I read this article yesterday in the Deseret News by Tim Clark, a leadership consultant and columnist. He interviewed more than 1,000 employees at varying levels in all sorts of organizations and asked them “what matters most at work.”
The results were surprisingly consistent, he says. Ninety percent of the time the top two answers were the same:
2) Personal contribution.
More than money, titles, travel, or other perks or experiences, these two answers rose to the top as “what matters most.” So why is it sometimes so hard to believe that these things are really what matters most? I look around my own office and wonder if relationships and my personal contributions are really as valuable to me as the paycheck I bring home. After all, money has a way of making itself seem pretty important. And I think I figured out why.
No, it’s not because I have three kids and one on the way (surprise!), although that’s definitely part of it. It turns out that according to a recent study by some smart people at the University of New Jersey, money actually can affect happiness up to a certain point. In a survey of (again) 1,000 Americans, researchers found that money equals satisfaction, but only to an extent. From the article:
“More money does not necessarily buy more happiness, but less money is associated with emotional pain,” they wrote in the Proceedings of the National Academy of Sciences.
“Perhaps $75,000 is a threshold beyond which further increases in income no longer improve individuals’ ability to do what matters most to their emotional well-being, such as spending time with people they like, avoiding pain and disease, and enjoying leisure.”
So $75,000 is the magic threshold where the amount of money you make can no longer really buy happiness, or said another way, where money can no longer ease the burdens that get in the way of well-being. Until you hit $75K, money can seem important because you need it to pay your bills and feed your family (I can’t serve my colleagues on a dinner platter or feed my family a leadership curriculum, though that creates an interesting image in my mind). But anything above the $75K mark really isn’t necessary to do what you need to do to be happy. At that point, well-being can be completely satisfied from a different place. At that point, it’s up to you.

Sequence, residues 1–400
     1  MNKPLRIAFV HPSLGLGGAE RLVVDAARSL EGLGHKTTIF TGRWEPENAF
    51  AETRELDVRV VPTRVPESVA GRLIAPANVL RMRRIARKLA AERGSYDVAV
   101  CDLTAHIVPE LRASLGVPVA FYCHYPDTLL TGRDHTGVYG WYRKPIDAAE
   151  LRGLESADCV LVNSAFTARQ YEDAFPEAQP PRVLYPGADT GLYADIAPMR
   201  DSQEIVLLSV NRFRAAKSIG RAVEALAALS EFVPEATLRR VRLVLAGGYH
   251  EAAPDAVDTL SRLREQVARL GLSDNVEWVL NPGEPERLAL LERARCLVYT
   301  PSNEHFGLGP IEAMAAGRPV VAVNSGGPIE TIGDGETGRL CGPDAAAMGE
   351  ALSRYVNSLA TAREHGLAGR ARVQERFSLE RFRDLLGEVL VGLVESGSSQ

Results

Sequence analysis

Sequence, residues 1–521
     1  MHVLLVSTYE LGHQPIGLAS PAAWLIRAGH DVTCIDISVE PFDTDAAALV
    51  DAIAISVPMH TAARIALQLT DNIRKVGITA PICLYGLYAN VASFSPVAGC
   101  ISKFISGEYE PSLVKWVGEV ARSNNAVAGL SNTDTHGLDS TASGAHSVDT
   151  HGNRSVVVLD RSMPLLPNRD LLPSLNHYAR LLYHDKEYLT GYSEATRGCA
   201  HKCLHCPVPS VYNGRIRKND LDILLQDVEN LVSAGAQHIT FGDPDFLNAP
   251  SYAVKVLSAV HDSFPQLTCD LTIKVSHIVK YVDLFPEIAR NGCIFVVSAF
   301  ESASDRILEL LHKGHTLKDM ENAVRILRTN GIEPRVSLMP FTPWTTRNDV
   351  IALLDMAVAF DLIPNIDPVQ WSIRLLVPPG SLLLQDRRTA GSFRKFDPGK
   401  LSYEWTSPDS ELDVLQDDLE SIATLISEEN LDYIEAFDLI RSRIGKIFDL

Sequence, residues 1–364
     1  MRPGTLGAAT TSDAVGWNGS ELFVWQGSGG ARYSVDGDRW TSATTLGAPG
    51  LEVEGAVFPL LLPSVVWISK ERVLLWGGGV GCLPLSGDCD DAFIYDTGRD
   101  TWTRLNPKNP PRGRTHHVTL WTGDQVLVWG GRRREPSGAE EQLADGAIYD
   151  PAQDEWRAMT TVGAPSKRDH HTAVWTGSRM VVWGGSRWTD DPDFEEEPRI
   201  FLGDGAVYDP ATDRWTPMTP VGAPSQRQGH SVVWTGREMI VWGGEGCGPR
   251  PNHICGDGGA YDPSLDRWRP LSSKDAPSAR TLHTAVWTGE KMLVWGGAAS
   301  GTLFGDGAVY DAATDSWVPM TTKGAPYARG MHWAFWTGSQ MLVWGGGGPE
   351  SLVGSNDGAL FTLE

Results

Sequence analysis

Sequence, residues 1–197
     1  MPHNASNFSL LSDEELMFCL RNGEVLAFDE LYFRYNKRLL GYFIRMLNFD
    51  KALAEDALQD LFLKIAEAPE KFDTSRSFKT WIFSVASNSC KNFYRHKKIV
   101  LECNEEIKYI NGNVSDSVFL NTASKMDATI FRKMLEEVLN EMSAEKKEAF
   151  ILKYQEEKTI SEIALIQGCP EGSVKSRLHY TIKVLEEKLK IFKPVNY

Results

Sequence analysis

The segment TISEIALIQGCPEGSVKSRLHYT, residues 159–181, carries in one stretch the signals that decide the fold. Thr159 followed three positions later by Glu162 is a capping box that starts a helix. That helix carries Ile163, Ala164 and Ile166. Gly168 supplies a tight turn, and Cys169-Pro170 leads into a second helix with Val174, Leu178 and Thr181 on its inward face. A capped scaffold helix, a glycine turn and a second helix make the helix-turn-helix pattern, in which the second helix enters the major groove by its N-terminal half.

In the meantime, whether you make that much or not, I have found from personal experience that living according to certain principles, many of which are presented in this blog, can help you manage the “burdens” that can get in the way of happiness, leading to well-being. And, of course, the sooner you find what you love to do and start doing it the happier you will be (and, I believe the money will come because you are doing what you love).
In the end, I think the question we should ask is this: how can I build my work around 1) relationships and 2) personal contribution to kill two birds with one stone — building relationship and sharing personal contributions WHILE traveling, making money, and racking up titles? Why not have it both ways — make great money while serving others and contributing your strengths? Maybe that’s the goal…
Hi! I'm Dustin.
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